Do you have advice for pairing Champagne and food?
At Moët & Chandon, the appreciation of a delectable Champagne is on par with appreciating the beauty of art, of great music or of a refined meal. For me, tasting a great Champagne transcends both expertise and intellect. It must be, above all, a pleasurable experience accessible by all.

That experience is particularly enhanced when the right Champagne is paired with dishes that bring out the Champagne’s natural aromas and allow it to come alive. We look for a cuisine that combines simplicity and salinity and ties in a particular harmony of colours and textures that will complement the Champagne’s chromatic characteristics, fruitiness and effervescence.

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To accompany the ethereal lightness of a brut Champagne, dishes are best served raw or moderately cooked to preserve the natural juices of the food ingredients. Since “saltiness” is the single sensation missing from brut Champagne's flavour profile, it is a perfect counter-balance to savoury dishes. That is why Moët & Chandon’s brut and extra-brut Champagnes are normally paired with amuse-bouches, appetisers, and light main courses, and less suited to sweetened desserts. To heighten the experience of a vivacious Moët & Chandon Impérial, light dishes like sushi, scallops, oysters, or a fragrant Caesar salad are ideal.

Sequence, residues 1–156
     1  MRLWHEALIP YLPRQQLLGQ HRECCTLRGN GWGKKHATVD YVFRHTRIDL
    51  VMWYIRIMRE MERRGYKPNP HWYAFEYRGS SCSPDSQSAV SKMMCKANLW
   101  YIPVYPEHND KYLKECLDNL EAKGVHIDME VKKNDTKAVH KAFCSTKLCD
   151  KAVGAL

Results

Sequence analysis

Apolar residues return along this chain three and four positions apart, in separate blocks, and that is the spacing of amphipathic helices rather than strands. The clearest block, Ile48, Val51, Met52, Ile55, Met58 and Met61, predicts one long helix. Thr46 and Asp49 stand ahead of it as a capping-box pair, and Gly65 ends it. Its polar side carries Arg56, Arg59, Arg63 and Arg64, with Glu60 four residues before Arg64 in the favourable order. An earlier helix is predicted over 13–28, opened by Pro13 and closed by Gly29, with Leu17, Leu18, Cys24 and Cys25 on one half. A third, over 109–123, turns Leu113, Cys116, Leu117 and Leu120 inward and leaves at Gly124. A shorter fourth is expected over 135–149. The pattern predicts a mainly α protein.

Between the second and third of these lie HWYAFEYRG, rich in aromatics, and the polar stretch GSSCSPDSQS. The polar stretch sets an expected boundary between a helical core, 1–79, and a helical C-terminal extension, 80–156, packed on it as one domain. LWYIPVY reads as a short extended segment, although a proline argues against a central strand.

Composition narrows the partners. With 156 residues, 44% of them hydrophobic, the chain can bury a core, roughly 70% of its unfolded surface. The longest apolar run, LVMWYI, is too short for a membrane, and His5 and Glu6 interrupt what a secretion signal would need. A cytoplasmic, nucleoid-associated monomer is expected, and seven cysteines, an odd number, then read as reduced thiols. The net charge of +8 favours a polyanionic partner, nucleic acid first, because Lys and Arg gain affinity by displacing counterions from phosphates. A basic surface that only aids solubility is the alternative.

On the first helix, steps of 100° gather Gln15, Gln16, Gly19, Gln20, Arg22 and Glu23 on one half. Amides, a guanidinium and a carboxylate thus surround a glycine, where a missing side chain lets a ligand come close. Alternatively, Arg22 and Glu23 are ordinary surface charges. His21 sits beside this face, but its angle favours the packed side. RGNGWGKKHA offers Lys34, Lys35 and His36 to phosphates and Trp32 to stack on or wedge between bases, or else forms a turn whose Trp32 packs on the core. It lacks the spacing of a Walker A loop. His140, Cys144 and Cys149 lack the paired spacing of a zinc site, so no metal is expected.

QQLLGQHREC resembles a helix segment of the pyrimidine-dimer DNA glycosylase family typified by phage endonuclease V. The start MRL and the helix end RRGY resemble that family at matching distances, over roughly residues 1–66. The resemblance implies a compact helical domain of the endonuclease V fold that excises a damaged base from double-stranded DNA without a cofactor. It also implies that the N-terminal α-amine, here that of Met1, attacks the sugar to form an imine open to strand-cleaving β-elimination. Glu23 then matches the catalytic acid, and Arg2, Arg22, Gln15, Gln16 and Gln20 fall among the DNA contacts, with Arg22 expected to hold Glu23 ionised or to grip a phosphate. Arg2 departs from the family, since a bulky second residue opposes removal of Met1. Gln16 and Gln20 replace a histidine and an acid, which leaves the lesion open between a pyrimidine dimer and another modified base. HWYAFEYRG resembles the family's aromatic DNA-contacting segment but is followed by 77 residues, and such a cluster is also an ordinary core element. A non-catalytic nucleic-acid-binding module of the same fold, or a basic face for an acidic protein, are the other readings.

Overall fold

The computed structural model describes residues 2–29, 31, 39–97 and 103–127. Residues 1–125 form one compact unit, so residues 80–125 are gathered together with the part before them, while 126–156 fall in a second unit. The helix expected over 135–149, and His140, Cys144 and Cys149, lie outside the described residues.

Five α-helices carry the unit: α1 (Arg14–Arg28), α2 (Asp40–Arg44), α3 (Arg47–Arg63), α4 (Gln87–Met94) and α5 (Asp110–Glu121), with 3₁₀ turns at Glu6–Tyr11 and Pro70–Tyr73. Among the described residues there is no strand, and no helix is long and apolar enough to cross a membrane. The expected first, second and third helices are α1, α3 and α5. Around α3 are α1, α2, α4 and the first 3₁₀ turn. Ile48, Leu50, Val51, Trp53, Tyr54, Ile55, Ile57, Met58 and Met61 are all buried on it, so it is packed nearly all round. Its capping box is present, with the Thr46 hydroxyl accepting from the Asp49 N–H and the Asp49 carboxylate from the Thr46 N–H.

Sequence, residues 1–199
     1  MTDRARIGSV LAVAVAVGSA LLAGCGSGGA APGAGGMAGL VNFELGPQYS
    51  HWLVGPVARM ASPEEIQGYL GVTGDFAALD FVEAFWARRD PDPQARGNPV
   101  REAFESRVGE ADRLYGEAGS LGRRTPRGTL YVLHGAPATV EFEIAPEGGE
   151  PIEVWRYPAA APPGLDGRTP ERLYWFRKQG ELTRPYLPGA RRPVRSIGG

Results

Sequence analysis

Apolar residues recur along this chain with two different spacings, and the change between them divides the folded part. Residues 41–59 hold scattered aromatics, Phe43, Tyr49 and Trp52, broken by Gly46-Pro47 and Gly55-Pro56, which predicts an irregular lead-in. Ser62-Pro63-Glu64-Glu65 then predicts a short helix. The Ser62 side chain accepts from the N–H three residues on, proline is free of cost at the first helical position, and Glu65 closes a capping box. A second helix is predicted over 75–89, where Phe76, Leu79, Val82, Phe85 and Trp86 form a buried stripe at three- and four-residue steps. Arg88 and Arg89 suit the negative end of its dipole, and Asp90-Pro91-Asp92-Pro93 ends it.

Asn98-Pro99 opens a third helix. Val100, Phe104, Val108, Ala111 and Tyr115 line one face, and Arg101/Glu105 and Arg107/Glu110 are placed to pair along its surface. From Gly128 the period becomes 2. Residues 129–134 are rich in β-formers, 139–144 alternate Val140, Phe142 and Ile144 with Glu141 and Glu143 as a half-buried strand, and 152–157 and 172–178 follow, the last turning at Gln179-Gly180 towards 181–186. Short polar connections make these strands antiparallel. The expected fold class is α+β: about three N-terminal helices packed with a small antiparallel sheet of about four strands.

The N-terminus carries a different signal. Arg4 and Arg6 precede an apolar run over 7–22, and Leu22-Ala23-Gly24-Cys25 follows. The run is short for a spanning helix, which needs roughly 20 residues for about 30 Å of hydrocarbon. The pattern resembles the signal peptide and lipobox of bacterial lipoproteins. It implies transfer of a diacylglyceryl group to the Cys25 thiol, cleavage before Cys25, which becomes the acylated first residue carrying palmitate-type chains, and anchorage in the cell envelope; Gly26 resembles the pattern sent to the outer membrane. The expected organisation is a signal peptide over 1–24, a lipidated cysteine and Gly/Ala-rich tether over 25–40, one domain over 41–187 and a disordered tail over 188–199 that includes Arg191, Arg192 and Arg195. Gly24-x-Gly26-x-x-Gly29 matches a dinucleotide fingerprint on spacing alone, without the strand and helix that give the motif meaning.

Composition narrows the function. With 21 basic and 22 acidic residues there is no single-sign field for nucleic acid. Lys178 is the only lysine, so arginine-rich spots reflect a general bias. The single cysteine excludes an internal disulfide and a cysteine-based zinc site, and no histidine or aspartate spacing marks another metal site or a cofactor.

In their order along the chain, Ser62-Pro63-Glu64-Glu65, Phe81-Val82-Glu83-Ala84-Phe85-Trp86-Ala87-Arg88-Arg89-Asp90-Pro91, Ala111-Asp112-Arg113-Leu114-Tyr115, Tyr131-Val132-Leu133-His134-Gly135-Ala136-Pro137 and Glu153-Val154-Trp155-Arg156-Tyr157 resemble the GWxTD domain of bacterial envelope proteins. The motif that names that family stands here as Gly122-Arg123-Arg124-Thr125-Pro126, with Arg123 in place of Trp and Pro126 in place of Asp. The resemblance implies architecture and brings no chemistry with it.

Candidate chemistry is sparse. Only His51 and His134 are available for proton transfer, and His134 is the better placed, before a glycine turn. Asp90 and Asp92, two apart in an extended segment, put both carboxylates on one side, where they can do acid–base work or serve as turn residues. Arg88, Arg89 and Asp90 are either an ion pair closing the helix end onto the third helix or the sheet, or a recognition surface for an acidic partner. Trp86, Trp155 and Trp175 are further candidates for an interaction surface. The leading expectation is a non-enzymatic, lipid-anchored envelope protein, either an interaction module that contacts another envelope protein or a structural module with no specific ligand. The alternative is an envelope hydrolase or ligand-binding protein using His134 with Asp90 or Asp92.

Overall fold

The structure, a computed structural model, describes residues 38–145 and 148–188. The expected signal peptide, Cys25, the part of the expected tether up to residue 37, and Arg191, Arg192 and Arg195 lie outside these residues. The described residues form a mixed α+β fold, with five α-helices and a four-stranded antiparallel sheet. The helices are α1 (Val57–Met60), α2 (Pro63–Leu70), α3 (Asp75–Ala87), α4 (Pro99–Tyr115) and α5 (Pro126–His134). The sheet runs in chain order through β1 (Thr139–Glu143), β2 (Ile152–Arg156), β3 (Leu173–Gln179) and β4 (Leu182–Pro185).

What's your approach to balancing tradition and innovation in winemaking?
Our winemaking is a process that combines a winemaking savoir-faire using state of the art technology for a delicate and subtle elaboration of the grapes. Our strength is in the size and diversity of our vineyards, but also with the region’s most important pressing centers, where we have the most advanced technical facilities which we have put to use intelligently. It is in our own state-of-the-art cuverie, equipped with stainless steel vats for fermenting and maturing of the wines, that Moët & Chandon begins the process of turning the fruit of the harvest into some of the world’s most delectable Champagnes.